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Gutknecht: The public deserves to know

Friday morning, Publisher David Clemons and I started our day at the Newton County Judicial Center in Alcovy Judicial Circuit Chief Judge John Ott’s courtroom pleading our case.

No, The Covington News did not do anything wrong. We weren’t there on a criminal proceeding. We were there for you, our reader.

Georgia Law requires media agencies to file what is called a “Rule 22 Request” in order to bring any type of recording device into a courtroom, whether it is a camera, audio recorder or a video camera. With these requests, attorneys in the case have the right to appeal, but have to do so under one of the nine pre-designated reasons.

Friday morning, David and I went to discuss The News’ request to be in the courtroom with a camera for the arraignment of Christopher Michael McNabb and Cortney Marie Bell. You can read the story here to see how that hearing turned out.

First and foremost, I want to say “thank you” to Judge Ott for listening to our case and being more than understanding in allowing us to take pictures in your courtroom. It is a courtesy we do not take lightly.

Secondly, since cameras were not actually allowed in the Friday morning hearing, I thought I would use my little corner in this newspaper to describe to you what I saw in the courtroom.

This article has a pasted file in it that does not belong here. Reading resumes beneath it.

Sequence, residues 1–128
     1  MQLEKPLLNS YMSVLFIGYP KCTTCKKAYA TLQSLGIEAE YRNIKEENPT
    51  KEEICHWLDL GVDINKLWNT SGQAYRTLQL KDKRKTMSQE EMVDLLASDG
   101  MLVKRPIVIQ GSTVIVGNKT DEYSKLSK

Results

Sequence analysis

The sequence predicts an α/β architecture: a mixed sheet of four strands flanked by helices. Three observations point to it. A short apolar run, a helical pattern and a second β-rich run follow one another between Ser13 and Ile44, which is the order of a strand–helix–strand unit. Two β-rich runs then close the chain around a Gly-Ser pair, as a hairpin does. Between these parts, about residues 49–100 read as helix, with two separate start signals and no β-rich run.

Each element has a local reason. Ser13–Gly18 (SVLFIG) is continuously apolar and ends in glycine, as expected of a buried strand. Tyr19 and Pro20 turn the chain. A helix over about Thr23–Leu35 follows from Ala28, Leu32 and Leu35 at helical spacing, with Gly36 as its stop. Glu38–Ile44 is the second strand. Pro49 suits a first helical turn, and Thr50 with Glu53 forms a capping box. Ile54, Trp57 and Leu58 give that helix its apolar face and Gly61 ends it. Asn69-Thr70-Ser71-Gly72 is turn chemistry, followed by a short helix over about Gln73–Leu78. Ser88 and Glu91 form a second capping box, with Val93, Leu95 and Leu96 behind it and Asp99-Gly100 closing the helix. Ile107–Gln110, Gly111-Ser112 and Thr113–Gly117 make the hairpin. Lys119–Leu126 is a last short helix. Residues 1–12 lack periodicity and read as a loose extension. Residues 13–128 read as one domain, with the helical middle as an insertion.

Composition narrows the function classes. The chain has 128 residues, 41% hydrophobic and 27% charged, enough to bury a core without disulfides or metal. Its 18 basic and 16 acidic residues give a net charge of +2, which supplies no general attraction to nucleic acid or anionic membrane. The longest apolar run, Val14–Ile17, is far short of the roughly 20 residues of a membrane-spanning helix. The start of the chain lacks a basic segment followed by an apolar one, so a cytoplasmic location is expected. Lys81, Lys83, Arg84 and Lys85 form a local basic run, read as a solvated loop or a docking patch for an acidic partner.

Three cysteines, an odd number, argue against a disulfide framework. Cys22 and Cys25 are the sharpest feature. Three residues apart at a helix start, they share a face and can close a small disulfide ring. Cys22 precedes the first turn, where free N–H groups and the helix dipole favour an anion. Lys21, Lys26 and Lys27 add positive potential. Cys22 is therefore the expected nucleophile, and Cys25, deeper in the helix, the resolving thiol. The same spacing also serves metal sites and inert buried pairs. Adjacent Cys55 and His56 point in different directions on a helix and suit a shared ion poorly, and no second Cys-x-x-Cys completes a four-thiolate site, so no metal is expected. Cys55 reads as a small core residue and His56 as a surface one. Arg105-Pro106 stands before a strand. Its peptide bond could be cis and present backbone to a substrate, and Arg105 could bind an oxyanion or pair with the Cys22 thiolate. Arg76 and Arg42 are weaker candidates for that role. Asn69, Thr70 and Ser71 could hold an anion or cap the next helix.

To set the scene, I was sitting on the front row on the right side of the gallery, right behind District Attorney Layla Zon. Judge Ott was positioned diagonally across from my position facing out, and the defense team for both McNabb and Bell were to Zon’s left.

Judge Ott walked into the courtroom, we all stood, and then the defendants were let in.

First came McNabb. Dressed in an orange jumpsuit, he was wearing shackles around his ankles, which were connected to a waist chain and handcuffs. To describe his appearance I wrote down one word: “greasy.”

McNabb’s hair was longer than I expected, unkempt, and featured a middle part. His chin was covered with a beard. He looked messy.

After McNabb was seated, Bell was brought in. She was wearing a pink jumpsuit with a white undershirt and had the same shackles as McNabb. Her hair, which is colored pink, was in a ponytail with bangs hanging down on the left side of her face. She looked more presentable.

These are the types of images I look forward to being able to provide you with Tuesday afternoon now that Judge Ott has graciously allowed us to be in the courtroom with cameras. You will no longer have to take my word for it; you will be able to see it for yourself. 

Jackie Gutknecht is the managing editor of The Covington News. She can be reached by email at Twitter: @jackieg1991